The wide expanse of the universe holds many secrets, and much is still unknown about the planets, stars, and galaxies that surround the earth. Humans have never personally ventured further than our own moon, but with the help of telescopes we have been able to see further than any person is likely to travel any time soon.
Images of what is out there beyond our Earth give us a glimpse of the universe, and what is sometimes captured can be truly stunning. While such photography is outside of the scope of any terrestrial photography workshop, images released by NASA (particularly those taken with the Hubble telescope) can serve as great inspiration for our own work here on Earth.
Join us as we take a look into the great abyss with some of the finest examples of space photography in the public domain.
Beginning close to the Earth, this photo was taken by an astronaut from the International Space Station. It shows Aurora Australis, an ever-changing display of light in the form of spots, rays, ribbons, and curtains. An Aurora occurs when charged particles transported from the Sun by the solar wind meet with the Earth’s magnetic field.
Arguably the most famous images ever taken from outside of the Earth’s atmosphere, this photo was taken way back in 1968, by Astronaut Bill Anders while of the Apollo 8 mission. Its taken from orbit around moon, looking back at our planet. Although the moon looks as if it is quite close, it is actually around 780 km from the spacecraft. The land you can see emerging from the darkness is west Africa.
In this image of Saturn’s moon Enceladus has an eerie feeling to it, and was taken by NASAs Cassini spacecraft as it flew past the moon on November 21st 2009. The stripes across the surface of the moon are fissures in its surface, from where plumes of water ice are expelled into space. The apparent glowing white areas across the surface are where the mix of ice, water, and other organic material are jettisoned away from Enceladus.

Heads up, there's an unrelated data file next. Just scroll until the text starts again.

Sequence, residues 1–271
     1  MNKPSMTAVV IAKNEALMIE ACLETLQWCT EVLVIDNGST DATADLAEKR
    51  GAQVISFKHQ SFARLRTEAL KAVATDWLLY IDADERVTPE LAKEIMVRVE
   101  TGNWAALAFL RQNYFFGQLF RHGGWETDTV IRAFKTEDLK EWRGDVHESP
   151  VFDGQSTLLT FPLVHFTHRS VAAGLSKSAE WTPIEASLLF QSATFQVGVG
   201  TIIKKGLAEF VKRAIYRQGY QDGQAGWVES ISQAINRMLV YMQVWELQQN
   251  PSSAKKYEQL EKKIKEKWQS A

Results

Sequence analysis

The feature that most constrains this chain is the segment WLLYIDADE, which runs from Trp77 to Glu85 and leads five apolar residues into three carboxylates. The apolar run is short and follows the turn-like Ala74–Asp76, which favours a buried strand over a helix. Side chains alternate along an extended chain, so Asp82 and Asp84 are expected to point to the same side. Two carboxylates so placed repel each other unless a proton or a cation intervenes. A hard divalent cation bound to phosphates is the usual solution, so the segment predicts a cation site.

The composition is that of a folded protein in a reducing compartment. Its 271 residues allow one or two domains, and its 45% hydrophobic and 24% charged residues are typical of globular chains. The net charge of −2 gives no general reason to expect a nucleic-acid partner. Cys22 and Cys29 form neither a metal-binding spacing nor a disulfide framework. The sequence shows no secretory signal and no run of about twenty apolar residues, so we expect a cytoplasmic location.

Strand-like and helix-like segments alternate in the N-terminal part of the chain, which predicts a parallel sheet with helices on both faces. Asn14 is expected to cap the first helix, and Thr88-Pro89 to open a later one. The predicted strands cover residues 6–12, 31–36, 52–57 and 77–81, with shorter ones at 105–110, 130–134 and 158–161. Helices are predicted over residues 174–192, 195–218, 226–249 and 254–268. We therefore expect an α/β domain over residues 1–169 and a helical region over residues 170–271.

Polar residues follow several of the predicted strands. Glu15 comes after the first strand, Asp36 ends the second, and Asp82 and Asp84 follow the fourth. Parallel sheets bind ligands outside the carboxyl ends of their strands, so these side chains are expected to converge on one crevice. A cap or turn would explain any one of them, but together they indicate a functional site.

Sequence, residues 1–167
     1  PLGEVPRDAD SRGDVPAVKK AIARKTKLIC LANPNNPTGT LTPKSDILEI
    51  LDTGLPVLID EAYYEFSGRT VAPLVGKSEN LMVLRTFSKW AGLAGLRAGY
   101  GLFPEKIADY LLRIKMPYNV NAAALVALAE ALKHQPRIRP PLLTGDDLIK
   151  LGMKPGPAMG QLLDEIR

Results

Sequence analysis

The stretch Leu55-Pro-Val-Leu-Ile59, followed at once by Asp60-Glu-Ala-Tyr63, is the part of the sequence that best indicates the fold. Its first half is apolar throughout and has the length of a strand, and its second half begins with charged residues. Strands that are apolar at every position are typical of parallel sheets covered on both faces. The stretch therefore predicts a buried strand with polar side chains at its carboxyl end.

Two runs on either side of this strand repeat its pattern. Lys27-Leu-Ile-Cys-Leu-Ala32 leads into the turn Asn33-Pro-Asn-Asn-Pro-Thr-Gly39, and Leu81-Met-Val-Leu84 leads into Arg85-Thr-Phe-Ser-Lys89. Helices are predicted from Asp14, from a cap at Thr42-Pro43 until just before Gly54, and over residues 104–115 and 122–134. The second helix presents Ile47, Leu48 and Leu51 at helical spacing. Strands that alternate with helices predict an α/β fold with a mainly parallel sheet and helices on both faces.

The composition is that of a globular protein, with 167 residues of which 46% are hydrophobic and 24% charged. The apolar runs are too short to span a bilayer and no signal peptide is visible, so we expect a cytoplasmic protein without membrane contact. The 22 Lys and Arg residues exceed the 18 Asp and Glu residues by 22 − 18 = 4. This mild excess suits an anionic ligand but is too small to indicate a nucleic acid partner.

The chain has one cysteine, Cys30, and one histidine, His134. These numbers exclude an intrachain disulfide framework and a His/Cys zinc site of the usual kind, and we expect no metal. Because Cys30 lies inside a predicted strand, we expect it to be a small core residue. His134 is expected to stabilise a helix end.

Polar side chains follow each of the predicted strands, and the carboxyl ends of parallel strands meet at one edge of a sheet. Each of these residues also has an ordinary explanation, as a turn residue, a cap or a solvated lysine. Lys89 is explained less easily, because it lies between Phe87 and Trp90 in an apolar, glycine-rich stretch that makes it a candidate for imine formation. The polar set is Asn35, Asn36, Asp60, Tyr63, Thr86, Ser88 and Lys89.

You’re looking at the Sombero galaxy, a spiral shaped galaxy nearby to our own galaxy, the Milky Way. This photo was captured by the Hubble Space Telescopes Advanced Camera for Surveys in 2003. Astronomers speculate that a black hole a billion times the mass of our Sun lies at the center of this galaxy.
Fresh new stars are forming all over this galaxy, marked by the pink and red colored areas dotted throughout its swirling arms. This galaxy is called NGC 6503, is smaller than the Milky Way, and lies around 17 million light-years away from earth. It is close to a great void in space, where very few other galaxies are located.
Here you can see two spiral galaxies colliding with each other, with the larger one distorting its smaller partner. Eventually, in a few billion years it is thought, these two galaxies will become one single galaxy. Interestingly, because the distance between stars within a galaxy is so large, only a tiny percentage will actually end up hitting each other.
The chaotic and enormous Cone Nebula is around 2,500 lights years from Earth, and its length has been estimated at a staggering seven light years long. It is an enormous pillar of gas and dust, and only the upper third of the nebula can be seen in this photo. This type of nebula is thought to be an incubator for new stars and planets.
Another nebula, called the Carina Nebula, is the subject of this photo. It was taken in February 2010, by Hubbles Wide field Camera. The jets of gas you see expelled from the peaks are being fired off from young stars buried within the nebula.
Here you can see a star dying, and the ejection of gas preceding an enormous violent explosion that will swallow the star and suck in any orbiting planets. Astronomers are intrigued by the symmetrical shape of the gas as it is expelled from the star, which contradict the disordered patterns resulting from an ordinary explosion.
Looking like a collection of precious gems, a vast collection of stars can be seen in this photo taken on the 30th of January 2012. Referred to as a global cluster, it is thought to be around 10 billion years old, making it one of the most ancient global clusters ever known.